Fortune has favored Indonesia’s business barons and captains of industry these past 12 months. Rising commodity prices, strong consumer demand and a raging stock market have combined to push the net worth of the GlobeAsia 150 Richest to new record levels. And after three years, we also have a new number 1.
Coal, palm oil, property, consumer goods. Indonesia’s rich natural resources and fast-growing consumer market have been the backbone for one of the sharpest spikes in the net worth of the super-rich since we started compiling the GlobeAsia 150 Richest Indonesians list in 2007.
In the past year, record high global commodity prices have translated into record earnings for those tycoons who have coal mines and vast palm oil plantations. In fact, just about any businessman of stature these days is eyeing a coal mine if he does not have one already, or is looking to expand production. It is no surprise that of the 21 billionaires on this year’s list, nine have build their fortunes through ownership of coal mines.
Two of the new entrants to this year’s list, Samin Tan, who owns Borneo Lumbung Energy and Metal, and Agus Lasmono, majority shareholder of Indika Energy, both rose to fame and fortune by acquiring coal mines.
This year’s new number one, Eka Tjipta Widjaya, the patriarch of the Sinar Mas group, knocked Budi Hartono of the Djarum Group off his perch primarily because of the group’s massive expansion in palm oil. We estimate that Sinar Mas has over one million hectares of palm oil
Fauzi Ichsan, senior economist for Standard Chartered in Jakarta, says “it’s a very simple ex- planation” why Indonesia’s rich are getting richer.
“Commodities and asset inflation,” he says. “In the last 18 months, commodity prices have more than doubled. Oil has gone from $35 a bar- rel in March 2009 — today it is $100 a barrel.
“The rise in oil prices also pushed up the pric- es of other commodities prices, especially energy commodities like gas, coal and palm oil. On top of that, we’ve seen a big equity market rally over the last 18 months,” he says.
“Basically the gap between the rich and poor is widening because of asset and commodity inflation. Even if you are a farmer and own your own rice field, you’re OK because food prices have gone up and the price of your land has gone up. We’re not talking about new jobs or inventing new stuff in Indonesia. This is not new.”
Indeed, Indonesia has for a while been among the world’s top producers and exporters of numer- ous commodities, including coal and palm oil. And globally, the past 12 months has seen more of the same.
“Indonesia’s wealth is directly tied into com- modities and the rise in commodity prices in the past year, driven by money printing and growing demand from emerging markets, particularly China and India, has seen a material improve- ment in Indonesia’s overall wealth,” said Nick Cashmore, head of securities at broker CLSA Indonesia.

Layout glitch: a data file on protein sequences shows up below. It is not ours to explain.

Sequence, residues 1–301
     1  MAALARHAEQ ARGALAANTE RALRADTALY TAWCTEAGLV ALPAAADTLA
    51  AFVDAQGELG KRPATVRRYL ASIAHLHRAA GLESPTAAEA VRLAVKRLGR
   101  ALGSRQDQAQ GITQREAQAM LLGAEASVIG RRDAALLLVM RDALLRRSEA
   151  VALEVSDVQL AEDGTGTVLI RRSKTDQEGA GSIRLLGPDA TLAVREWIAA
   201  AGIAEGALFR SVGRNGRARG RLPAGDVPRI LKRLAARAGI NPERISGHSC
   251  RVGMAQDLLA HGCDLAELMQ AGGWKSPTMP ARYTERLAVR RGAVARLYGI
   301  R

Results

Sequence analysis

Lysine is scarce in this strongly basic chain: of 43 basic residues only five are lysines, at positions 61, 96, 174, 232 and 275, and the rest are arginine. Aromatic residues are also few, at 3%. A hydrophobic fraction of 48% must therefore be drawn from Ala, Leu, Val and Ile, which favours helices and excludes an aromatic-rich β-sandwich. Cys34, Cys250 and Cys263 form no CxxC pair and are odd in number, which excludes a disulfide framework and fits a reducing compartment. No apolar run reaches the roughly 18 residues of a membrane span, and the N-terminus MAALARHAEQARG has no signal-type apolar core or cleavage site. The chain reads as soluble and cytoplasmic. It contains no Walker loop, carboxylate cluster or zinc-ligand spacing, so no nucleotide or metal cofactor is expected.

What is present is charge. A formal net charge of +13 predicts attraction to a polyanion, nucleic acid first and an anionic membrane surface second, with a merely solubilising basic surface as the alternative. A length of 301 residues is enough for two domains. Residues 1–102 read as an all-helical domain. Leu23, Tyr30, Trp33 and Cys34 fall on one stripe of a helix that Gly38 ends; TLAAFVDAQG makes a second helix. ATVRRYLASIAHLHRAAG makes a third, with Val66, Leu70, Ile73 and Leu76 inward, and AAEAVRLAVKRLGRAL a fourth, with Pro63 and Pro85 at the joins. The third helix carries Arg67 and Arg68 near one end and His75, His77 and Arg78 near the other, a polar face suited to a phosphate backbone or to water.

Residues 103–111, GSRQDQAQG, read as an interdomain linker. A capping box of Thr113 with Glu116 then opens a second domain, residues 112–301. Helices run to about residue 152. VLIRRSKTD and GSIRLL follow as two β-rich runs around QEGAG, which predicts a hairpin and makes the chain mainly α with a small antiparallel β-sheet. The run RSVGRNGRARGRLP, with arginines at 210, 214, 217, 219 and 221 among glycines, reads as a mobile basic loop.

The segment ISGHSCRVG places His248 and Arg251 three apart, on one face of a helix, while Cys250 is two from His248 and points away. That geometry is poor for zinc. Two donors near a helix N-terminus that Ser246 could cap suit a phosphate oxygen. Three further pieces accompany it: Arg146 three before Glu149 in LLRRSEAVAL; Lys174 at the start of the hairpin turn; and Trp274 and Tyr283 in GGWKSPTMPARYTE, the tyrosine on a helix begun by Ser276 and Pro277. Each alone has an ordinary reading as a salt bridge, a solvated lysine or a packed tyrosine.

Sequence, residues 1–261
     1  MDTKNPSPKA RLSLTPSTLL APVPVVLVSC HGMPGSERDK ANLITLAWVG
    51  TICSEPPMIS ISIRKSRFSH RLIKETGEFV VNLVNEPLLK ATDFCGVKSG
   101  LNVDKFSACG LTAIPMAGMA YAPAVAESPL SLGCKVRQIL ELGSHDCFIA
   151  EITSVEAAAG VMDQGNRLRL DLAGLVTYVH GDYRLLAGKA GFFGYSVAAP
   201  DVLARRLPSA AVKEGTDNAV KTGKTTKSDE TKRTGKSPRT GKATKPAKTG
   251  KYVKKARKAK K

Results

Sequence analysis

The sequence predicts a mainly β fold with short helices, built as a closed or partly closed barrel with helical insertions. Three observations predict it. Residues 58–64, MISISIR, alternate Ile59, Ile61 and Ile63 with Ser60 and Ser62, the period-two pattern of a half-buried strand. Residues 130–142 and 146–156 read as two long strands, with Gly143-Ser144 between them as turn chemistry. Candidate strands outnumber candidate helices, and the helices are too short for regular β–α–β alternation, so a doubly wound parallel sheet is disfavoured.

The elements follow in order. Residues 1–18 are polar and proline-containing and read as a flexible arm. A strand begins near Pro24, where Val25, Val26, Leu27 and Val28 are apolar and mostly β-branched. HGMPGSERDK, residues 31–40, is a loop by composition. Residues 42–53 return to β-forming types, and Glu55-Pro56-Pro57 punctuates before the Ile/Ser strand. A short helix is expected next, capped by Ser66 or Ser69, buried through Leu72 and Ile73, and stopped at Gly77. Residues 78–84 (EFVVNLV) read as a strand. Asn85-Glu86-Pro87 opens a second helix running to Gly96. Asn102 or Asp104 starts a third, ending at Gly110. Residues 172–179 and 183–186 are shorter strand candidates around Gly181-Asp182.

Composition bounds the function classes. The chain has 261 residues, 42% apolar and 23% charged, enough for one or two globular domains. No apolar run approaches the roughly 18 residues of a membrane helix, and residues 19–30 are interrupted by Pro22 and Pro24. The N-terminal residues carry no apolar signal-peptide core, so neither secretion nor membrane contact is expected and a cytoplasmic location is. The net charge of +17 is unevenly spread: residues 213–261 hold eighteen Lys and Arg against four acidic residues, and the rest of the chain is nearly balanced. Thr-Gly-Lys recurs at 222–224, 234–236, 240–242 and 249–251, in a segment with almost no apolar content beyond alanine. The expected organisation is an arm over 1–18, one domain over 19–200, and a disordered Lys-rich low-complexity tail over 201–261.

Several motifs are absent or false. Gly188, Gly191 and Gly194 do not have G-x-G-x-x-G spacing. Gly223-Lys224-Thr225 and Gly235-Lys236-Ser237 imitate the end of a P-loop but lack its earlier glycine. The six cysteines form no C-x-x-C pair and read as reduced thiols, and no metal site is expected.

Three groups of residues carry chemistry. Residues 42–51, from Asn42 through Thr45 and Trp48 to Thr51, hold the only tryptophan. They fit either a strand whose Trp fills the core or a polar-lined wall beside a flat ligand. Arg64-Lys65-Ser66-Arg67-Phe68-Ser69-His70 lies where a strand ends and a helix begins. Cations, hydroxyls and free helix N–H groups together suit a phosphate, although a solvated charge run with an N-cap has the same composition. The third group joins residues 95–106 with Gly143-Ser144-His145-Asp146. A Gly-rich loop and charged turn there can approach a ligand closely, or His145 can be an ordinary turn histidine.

“Wealth has expanded because those owning assets have seen their net worth expand as asset prices have risen. It’s a simple story,” he says. “Deals have been done, work expended but at the end of the day global loose monetary prices continue to drive asset prices higher and thereby increase the wealth of the owners of those assets.
“The numbers are staggering: the share prices of coal miners PT Banyan Resources, PT Bumi Resources, and PT Adaro Indonesia increased by 179.3 percent, 69 percent, and 10 percent, respec- tively, between May 2010 and April 2011, making them among the JCI’s top 15 performing stocks during that period.”
But nothing is etched in stone — or coal for that matter. “Just as the tide has risen, were com- modities prices to again fall, so Indonesia’s tide would subside,” Cashmore reflects. “The country remains beholden to directional movements in commodity prices. Coal mining is the latest fash- ionable investment trend and every aspirational taipan must have a coal strategy.”
Of course, there is more to life than coal and palm oil. Indonesia’s economic upswing has been followed by growing consumer spending, as millions more Indonesians have more money in their pockets and are joining the growing ranks of the middle class.
“The commodities story is slightly less com- pelling than the consumption story,” says Tai Hui, Southeast Asia head of research for Standard Chartered Global Research in Singapore.
Indonesia’s economy grew at an impressive 6.5% in the first quarter of 2011 compared to the same period in the previous year on the back of consumer spending and investment.
“I would say that (retail and consumer goods players) made good money,” says Erwan Teguh Teh, head of research at CIMB in Jakarta.
The retail sales index is up quite substantially, and if we look at some of the deals done over the last 12 months, the valuations are lucrative. Matahari and Alfa Mart, for example.